The asteroid wouldn’t precisely be a “planet killer” even when it did strike Earth. Upper ranges of its estimated size put it at just over 160 feet across, so it could likely do some severe injury if it exploded within the skies above a populated area.
Nevertheless, it’s not the kind of doomsday asteroid that we think about from science fiction flicks.
“While we have no idea 2006 QV89’s trajectory exactly, we do know where it could appear within the sky if it were on a collision course with our planet,” ESA explains. “Due to this fact, we will simply observe this small area of the sky to check that the asteroid is certainly, hopefully, not there.”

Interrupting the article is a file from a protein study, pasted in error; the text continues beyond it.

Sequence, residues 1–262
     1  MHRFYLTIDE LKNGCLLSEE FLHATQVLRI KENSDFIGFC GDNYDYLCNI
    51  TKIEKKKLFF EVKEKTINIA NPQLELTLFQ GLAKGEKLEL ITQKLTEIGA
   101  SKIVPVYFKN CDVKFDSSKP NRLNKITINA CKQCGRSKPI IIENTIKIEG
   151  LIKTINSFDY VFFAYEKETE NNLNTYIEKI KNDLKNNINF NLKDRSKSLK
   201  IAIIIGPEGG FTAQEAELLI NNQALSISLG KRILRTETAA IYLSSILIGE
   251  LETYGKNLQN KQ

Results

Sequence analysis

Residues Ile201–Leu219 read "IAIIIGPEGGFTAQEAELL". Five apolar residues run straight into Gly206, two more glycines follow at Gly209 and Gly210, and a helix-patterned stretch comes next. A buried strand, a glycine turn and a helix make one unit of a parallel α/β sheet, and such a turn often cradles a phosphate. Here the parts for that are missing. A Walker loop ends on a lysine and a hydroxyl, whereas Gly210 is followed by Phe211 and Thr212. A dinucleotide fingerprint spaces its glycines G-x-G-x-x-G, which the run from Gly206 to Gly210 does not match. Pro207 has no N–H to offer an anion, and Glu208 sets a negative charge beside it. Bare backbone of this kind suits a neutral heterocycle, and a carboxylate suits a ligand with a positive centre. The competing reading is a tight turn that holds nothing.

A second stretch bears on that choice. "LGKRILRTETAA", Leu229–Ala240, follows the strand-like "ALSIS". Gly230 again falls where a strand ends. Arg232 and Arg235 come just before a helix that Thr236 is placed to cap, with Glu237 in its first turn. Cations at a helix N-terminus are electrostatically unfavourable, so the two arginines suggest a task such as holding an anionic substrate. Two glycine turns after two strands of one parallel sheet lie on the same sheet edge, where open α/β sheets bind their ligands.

The researchers did exactly that and noticed that the asteroid was certainly not on the potentially dangerous course that might make it a threat for us on Earth.
“Even when the asteroid had been smaller than anticipated, at only some meters across, it could have been seen within the picture,” ESA says.
“Any smaller than this and the VLT couldn’t have spotted it, however, it could even be considered harmless as any asteroid this size would burn up in Earth’s atmosphere.”